Narco Dramas: How They Shape Latino Perceptions

A still image from the Netflix series "Narcos Mexico" depicting a woman and three men sitting inside a luxury home.

Throughout the history of storytelling, media representations of different cultures and communities have played a significant role in shaping public perception. Unsurprisingly, these depictions have a lasting impact.

For Latinos, this influence has often been one-sided, with popular media frequently portraying us within a narrow scope. The rise of narco dramas that often glorify drug cartels, as exemplified by shows like "Narcos," "Breaking Bad," "El Chapo," and "Queen of the South," has raised significant concerns about the way Latinos are represented in popular culture.

A still image from the Netflix series "Narcos Mexico" depicting six armed men standing beside a truck inside a garage.IMDB

This narrative, centered on the lives of drug traffickers and drug cartels, aka 'narcos,' tends to emphasize violence, crime, and lawlessness, painting a picture far removed from the diverse, vibrant, and multi-faceted reality of Latino communities. So, how has this trend impacted the image of Latinos?

The Rise of Narco Culture in Media

Since the release of "Narcos" on Netflix in 2015, the world has seen a rise in drug cartel dramas. These series, while dramatic and engaging, often focus on the most dangerous elements of Latino societies, presenting a skewed perception of Latin America as a haven for crime and corruption. Such depictions have a tangible impact on public perception, reinforcing harmful stereotypes and feeding into prejudices against Latinos.

The portrayal of Latino characters, specifically males, in these series, predominantly centers around the 'macho' narco, exhibiting hyper-masculinity and often engaging in violent, criminal behavior. This representation reinforces the stereotype of the violent, dangerous Latino man, contributing to a distorted view that alienates and stigmatizes Latino communities.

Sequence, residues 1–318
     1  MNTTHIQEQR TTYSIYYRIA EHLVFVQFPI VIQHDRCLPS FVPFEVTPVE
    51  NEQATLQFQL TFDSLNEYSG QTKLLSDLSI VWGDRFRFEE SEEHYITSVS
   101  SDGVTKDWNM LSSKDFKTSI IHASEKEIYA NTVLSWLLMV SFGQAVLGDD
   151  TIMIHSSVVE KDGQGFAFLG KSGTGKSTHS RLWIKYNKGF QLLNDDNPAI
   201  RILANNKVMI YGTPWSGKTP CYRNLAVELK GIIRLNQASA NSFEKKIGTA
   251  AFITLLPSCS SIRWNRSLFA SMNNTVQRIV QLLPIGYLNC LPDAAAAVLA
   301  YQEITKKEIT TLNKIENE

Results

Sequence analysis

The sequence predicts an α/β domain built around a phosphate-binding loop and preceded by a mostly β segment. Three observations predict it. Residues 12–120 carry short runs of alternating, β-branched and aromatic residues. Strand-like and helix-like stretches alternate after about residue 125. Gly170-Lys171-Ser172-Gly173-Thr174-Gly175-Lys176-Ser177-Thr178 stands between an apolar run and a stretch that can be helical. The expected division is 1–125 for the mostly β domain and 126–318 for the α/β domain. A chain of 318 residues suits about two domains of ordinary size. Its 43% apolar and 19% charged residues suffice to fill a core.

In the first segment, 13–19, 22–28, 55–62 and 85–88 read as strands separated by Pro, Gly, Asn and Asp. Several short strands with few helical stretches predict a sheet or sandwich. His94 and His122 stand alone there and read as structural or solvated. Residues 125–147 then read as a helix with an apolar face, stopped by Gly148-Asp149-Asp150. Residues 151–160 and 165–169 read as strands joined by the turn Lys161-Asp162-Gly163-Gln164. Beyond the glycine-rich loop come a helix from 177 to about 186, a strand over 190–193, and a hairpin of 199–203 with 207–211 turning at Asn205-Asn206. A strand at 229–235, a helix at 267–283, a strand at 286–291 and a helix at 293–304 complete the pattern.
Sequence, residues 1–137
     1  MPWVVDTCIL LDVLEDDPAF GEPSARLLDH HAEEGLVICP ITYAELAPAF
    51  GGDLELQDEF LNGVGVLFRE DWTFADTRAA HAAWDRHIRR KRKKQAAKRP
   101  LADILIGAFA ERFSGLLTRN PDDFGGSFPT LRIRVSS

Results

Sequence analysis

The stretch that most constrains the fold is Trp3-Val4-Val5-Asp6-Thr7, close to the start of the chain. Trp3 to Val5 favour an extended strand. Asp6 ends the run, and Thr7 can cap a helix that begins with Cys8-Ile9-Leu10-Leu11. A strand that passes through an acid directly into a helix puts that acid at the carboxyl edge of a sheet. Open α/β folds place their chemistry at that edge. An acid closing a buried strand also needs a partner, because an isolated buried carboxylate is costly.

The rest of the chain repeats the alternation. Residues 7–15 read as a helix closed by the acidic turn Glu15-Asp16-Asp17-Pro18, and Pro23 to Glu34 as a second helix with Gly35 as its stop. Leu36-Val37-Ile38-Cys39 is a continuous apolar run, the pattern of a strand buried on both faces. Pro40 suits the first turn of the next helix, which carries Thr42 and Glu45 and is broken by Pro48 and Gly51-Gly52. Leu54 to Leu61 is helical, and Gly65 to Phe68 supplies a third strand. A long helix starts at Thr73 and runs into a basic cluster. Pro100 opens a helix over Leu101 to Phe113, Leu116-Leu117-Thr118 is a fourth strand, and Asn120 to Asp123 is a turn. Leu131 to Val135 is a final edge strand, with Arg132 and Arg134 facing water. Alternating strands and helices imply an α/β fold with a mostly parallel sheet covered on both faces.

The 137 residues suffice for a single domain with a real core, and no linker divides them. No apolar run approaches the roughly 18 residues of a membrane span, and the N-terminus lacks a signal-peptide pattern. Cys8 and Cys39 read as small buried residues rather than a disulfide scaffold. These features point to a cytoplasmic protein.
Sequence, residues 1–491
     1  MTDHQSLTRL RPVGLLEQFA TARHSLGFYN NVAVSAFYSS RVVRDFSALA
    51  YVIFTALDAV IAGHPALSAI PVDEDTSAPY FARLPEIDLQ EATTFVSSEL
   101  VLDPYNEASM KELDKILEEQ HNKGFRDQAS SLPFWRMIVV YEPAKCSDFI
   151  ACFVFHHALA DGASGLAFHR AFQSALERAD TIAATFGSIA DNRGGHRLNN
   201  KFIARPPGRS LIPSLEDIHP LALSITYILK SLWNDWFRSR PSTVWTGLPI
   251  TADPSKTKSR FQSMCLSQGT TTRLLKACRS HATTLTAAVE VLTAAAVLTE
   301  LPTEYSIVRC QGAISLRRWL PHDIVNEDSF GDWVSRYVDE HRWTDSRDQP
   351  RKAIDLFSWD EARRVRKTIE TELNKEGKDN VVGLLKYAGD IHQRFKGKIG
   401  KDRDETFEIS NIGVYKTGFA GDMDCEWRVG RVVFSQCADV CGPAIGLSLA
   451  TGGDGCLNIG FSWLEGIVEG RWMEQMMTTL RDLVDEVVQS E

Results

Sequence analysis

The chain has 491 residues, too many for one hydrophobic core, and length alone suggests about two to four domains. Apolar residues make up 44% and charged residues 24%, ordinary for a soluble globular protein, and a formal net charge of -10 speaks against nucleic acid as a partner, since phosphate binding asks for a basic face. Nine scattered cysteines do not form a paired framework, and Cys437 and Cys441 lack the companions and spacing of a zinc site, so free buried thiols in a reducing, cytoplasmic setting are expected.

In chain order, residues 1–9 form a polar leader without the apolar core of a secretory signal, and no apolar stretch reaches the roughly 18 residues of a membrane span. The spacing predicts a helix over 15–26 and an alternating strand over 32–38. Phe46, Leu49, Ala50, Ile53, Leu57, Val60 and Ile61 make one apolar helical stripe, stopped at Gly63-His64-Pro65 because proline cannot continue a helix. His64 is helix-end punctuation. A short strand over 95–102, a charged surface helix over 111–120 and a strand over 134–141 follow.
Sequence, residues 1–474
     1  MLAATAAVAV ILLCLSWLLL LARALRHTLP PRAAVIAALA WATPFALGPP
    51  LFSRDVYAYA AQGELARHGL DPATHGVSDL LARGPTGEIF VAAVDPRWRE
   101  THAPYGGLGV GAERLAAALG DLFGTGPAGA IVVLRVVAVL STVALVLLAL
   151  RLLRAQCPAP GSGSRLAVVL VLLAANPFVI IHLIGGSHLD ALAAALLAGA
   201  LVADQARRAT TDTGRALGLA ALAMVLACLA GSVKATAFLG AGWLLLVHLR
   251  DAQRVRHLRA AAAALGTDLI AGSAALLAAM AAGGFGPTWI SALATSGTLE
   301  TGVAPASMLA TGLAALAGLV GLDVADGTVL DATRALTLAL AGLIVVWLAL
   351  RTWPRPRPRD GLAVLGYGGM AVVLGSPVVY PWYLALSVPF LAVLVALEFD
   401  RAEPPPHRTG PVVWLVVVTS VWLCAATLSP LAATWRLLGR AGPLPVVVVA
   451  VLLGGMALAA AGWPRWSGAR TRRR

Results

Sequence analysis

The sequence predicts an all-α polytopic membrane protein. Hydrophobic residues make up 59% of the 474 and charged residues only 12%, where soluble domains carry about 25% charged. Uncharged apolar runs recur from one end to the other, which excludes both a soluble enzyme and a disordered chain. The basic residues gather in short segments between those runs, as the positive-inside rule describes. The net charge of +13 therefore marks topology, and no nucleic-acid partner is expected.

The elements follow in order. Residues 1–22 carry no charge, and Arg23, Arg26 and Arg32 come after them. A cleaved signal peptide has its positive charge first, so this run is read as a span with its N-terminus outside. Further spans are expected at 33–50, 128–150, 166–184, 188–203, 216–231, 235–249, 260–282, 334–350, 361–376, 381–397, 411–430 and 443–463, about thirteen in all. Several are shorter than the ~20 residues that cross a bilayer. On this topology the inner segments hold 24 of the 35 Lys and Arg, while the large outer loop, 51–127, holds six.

A still image from the Netflix series "Narcos" depicting five men standing in front of Pablo Escobar, played by Wagner Moura.


This skewed representation in popular media has contributed to the shaping of the Latino image in the global psyche, often leading to harmful consequences. For example, research has shown that such portrayals can influence policies, such as immigration laws, where Latino immigrants are more likely to be seen as a threat. Who can forget when former Rep. Steve King (R) argued during his opposition to the DREAM Act and referring to undocumented immigrants, "For everyone who's a valedictorian, there's another 100 out there that weigh 130 pounds, and they’ve got calves the size of cantaloupes because they're hauling 75 pounds of marijuana across the desert.".

The Role of Latina Women in Narco Dramas

Interestingly, narco dramas also present an intriguing portrayal of Latina women. Shows like "La Reina del Sur" and "Queen of the South" depict Latina women as powerful figures within the narco world. They are shown as strong, intelligent, and fiercely independent, often rising to leadership positions in a male-dominated world.

While this portrayal, in some ways, challenges traditional gender roles and norms, it also raises concerns. These shows, while empowering, are still set within a crime-ridden, violent context. Hence, they continue to contribute to the overall image of Latinos as tied to the underworld, which can overshadow the positive representation of strong, capable Latina women.

A still image from the Netflix series "Queen of the South" depicting three women in dresses

Additionally, the representation of Latina women as sensual femme fatales plays into another harmful stereotype. While these characters are often portrayed as empowered, their sexualization can limit their representation to their physical attributes and appeal, thereby reducing the complexity of their characters.

Toward a More Balanced Representation

In the face of these controversies, it is clear that a more balanced portrayal of Latinos in popular media is necessary. Latinos are doctors, teachers, entrepreneurs, artists, scientists, and so much more. These narratives deserve to be told and celebrated. Shows like "The Lincoln Lawyer," "On My Block," and "Gentefied," among others, have made strides in showcasing the multi-dimensional nature of Latino lives, highlighting the richness of their culture, struggles, and triumphs.

American Latinos are more than the roles that have been scripted by white studio executives and showrunners. It’s not the first time, or the last time, that the harm these stereotypes cause will be called out, but what is clear, is that the calls to tell authentic and accurate Latino stories continues to get louder.

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